Now, there's something you should know about me. I hold one culinary truth to be self-evident: That Granny and Mom have more cooking chops in their left pinkies than Bobby Flay can ever aspire to.
But that's what I love about Chef John. He's an actual chef who used to be an instructor at the California Culinary Academy. Then he decided to make videos for the rest of us — only instead of being concerned about doing things "right" according to culinary school professors, he gives you the same clever advice you'd get from your grammy… all while making gourmet food seem easy.
He's funny and engaging (with an amazing voice) without all that weaving a story BS they do on the Food Network (he edits that crap out). In short, you need to follow Chef John, and these are but a handful of the amazing tips that prove it.
When you're marinating meat using a zip-top bag, really work it in there. You should feel uncomfortable if someone else is in the room.
A lot of people associate stick blenders with gourmet food, thinking they're a specialty tool, but they're great for making dressings, mayos and more.
Some people (who shall remain nameless... *cough* every fancy-schmancy chef on TV) would love for you to believe that the key to a great vinaigrette is slowly drizzling in the oil while you whisk your little arm off. Chef John prefers to shake it up. As he says in other videos, "shake-uh, shake-uh."
The next video is so good, it has four tips on potatoes. Let the knowledge wash over you.
Since you have to rinse them later to get the starch off, anyway, just peel them and rinse them afterward. I apply this to carrots, parsnips and other root veggies, too.
Chef John recommends boiling mashing potatoes starting from cold water. Alton Brown agrees. So it is written.
Chef John prefers European, though I've had success in the good ol' U.S. of A. (Now feels like a good time to reassure you I really mean butter... ) Either way, he recommends a full pound of butter (4 sticks) for every three or four russets. Good news is, you only need a splash of milk and no heavy cream.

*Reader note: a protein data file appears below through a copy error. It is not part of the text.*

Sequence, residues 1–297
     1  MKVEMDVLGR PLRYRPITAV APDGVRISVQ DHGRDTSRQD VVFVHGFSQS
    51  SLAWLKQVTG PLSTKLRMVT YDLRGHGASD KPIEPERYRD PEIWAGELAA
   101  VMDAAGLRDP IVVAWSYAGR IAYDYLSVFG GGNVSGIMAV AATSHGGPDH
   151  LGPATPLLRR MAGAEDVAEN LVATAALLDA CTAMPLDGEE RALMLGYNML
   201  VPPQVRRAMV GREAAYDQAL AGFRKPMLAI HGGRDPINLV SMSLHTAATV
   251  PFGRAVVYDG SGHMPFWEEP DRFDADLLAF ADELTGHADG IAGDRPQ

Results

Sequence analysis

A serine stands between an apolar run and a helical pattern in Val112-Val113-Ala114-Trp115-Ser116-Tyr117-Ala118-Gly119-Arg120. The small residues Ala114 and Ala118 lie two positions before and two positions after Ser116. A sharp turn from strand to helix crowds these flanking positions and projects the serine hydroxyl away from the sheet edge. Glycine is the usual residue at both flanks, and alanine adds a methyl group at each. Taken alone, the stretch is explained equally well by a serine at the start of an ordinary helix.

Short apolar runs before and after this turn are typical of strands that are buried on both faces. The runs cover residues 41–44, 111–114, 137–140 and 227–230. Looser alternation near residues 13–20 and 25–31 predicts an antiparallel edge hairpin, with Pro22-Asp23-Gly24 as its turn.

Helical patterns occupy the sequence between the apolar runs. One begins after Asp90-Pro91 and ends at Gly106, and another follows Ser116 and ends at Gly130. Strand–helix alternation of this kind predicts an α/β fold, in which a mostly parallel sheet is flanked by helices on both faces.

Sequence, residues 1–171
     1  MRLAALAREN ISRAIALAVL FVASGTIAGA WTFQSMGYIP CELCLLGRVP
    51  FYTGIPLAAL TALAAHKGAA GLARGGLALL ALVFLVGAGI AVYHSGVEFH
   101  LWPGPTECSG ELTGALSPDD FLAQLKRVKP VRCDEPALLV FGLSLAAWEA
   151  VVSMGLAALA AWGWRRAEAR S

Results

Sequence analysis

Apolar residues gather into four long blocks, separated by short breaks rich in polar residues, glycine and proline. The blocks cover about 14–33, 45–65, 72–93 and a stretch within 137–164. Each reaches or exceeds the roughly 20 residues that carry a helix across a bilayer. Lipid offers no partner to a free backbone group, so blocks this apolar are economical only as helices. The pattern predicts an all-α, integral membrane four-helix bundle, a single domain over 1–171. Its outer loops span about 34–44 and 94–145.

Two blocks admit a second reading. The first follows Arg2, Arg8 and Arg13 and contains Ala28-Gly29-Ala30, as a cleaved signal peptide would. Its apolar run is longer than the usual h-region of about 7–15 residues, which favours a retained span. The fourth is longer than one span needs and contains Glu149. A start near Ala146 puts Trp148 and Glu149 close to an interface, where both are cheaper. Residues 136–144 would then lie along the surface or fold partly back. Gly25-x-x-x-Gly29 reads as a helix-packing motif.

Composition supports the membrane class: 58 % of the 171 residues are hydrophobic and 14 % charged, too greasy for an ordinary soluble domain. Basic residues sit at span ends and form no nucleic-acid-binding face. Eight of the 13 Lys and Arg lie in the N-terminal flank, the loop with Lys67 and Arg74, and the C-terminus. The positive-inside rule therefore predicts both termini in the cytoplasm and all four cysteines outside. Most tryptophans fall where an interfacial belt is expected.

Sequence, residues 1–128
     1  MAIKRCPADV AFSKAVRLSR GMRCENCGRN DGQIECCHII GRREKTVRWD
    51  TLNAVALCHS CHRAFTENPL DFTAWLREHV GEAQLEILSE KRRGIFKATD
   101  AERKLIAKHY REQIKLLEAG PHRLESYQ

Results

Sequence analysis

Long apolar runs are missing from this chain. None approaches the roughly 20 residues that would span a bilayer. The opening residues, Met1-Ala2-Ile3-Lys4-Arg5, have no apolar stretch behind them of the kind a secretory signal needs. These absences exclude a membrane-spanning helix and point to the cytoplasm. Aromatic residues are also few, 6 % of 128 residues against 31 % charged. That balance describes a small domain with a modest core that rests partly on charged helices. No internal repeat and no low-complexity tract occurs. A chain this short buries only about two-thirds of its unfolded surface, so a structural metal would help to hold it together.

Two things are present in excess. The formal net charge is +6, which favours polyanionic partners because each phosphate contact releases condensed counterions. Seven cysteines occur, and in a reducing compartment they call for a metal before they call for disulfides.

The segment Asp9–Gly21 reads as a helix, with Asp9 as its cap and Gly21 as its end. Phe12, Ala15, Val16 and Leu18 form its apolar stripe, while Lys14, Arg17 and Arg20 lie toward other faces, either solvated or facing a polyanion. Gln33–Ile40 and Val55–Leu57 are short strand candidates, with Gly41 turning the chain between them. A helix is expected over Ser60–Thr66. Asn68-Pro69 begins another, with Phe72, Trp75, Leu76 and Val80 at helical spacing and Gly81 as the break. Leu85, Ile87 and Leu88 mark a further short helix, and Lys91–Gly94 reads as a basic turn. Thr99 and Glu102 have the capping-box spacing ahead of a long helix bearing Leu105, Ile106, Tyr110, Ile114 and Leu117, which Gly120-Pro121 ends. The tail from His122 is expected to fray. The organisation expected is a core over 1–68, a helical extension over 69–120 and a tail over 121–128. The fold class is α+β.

He's right. The wavy branding-iron-style mashers are superior. More mashing surface area with tiny holes actually seems to be counter-productive regardless of your desired potato texture. How many years did I waste with that stupid plastic thing?!
Chef John has an easy-to-follow recipe associated with every video he does, but he's the first to admit you can just use your personal judgment when you need to. Apparently, he's not opposed to cutesy veggie edibles, either. On behalf of all the adorable food artists on SheKnows, kudos for his use of the business end of a green onion as a veggie hotrod driver with punk hair.
Admittedly, I chose this video because I'm from Texas and chipotle and green onion sauce is the closest I'll ever have to a Tex-Mex kindred-ship with Chef John, but he's a huge fan of pan sauces and always encourages their use — even when he's cooking fancy French stuff. Either way, he never fails to make them seem easy, sexy and delish.
He's a cook, not a pastry chef, but that didn't stop him from learning to make pie crust. He learned "the amounts are critical" part about baking at culinary school. That's the one thing every trained chef does know about baking (see any chef on Food Network or the Cooking Channel for more details). But he uses the home-cook favorite method of mixing in a food processor.
Oh, Chef John… If my grandmother could see you now, she'd say "jumpin' Jehosaphat and little green grasshoppers." I'm not entirely certain what that means, and she never could explain it, but we were both pretty convinced anything that entertaining has to be good.
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